McAllister’s eye-opening anthology was overflowing with first-hand accounts of feminism on the front lines of the peace and freedom movements, profiles of historic figures who led the struggles for women’s rights, and utopian visions of the future of women’s quest for liberation.
Her book came out at a crucial historic moment in 1982, just as anti-nuclear movements in the United States and Europe were engaging in massive nonviolent resistance that touched the lives of millions of people. Reweaving the Web of Life helped to put the oppression of women at the center of the social-change agenda, and shared the new methods that the women’s movement had invented and refined to build strategies for liberation.
McAllister’s book made it clear that nonviolence was not only about war and nuclear weapons. It was also about rape and sexual harassment and domestic violence and the economic injustices faced by women in the workplace. It was about the centuries of discrimination women had endured in every country in the world.
And, in a breathtaking leap, nonviolence was also about compassion for all living beings — trans-species solidarity with whales slaughtered by the whaling industry, birds decimated by pollution and irreplaceable animal species facing extinction.
McAllister’s own mentor was Barbara Deming, a longtime activist in the peace and women’s movements. Deming, an insightful theorist of nonviolent social change, was the author of Prison Notes and We Are All Part of One Another: A Barbara Deming Reader.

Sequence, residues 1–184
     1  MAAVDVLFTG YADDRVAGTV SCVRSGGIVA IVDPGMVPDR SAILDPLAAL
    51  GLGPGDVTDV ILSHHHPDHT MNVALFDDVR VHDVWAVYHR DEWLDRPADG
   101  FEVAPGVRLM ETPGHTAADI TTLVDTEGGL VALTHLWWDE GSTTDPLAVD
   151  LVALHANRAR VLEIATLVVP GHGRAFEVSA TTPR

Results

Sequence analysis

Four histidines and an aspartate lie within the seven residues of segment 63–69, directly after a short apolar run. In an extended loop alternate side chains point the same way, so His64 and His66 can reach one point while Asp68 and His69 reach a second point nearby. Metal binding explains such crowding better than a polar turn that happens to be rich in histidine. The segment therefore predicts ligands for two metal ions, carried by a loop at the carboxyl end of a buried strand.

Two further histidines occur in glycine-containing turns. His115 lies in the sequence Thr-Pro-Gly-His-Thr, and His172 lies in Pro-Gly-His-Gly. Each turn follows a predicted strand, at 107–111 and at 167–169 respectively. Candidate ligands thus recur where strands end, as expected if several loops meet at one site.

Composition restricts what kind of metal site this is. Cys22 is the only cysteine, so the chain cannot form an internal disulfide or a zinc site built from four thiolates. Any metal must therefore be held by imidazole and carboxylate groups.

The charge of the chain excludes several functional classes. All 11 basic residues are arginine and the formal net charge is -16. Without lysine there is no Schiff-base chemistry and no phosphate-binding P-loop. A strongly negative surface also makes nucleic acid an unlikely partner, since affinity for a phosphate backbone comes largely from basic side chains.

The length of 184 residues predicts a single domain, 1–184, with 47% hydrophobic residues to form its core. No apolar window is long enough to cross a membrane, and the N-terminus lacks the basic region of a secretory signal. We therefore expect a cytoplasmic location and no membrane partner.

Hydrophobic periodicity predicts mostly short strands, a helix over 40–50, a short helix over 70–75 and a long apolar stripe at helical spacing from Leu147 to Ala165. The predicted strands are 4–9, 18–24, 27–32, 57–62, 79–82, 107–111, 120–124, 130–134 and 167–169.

Deming demonstrated against Polaris nuclear submarines in the 1960s, and was jailed for protesting atomic testing at the Atomic Energy Commission. She marched in civil rights demonstrations in Alabama and Georgia, and marched in the Nashville to Washington, D.C., Walk for Peace.
Far-Sighted View of Nonviolence
Deming helped McAllister understand the “vital link between feminism and nonviolence.” And Deming’s vision of nonviolence extended far beyond peace activism to include the entire ecological web of connections that sustains all life.
This far-sighted vision of nonviolence reached up into the skies where high-flying bombers target defenseless civilians, and extended down to the earth below where the web of life includes herons and cranes in coastal waterways and a next-door neighbor facing domestic violence.
In a beautiful passage, McAllister described visiting Deming at home and hearing the magnitude of her compassion.
“She embraces the whole spectrum of life with unfragmented concern — from love for the Great White Heron who haunts the quiet canal in front of her house and concern for the endangered snails in a Florida stream, to concern about the global implications of the military maneuvers at Key West and the urgency of offering asylum to a battered neighbor.”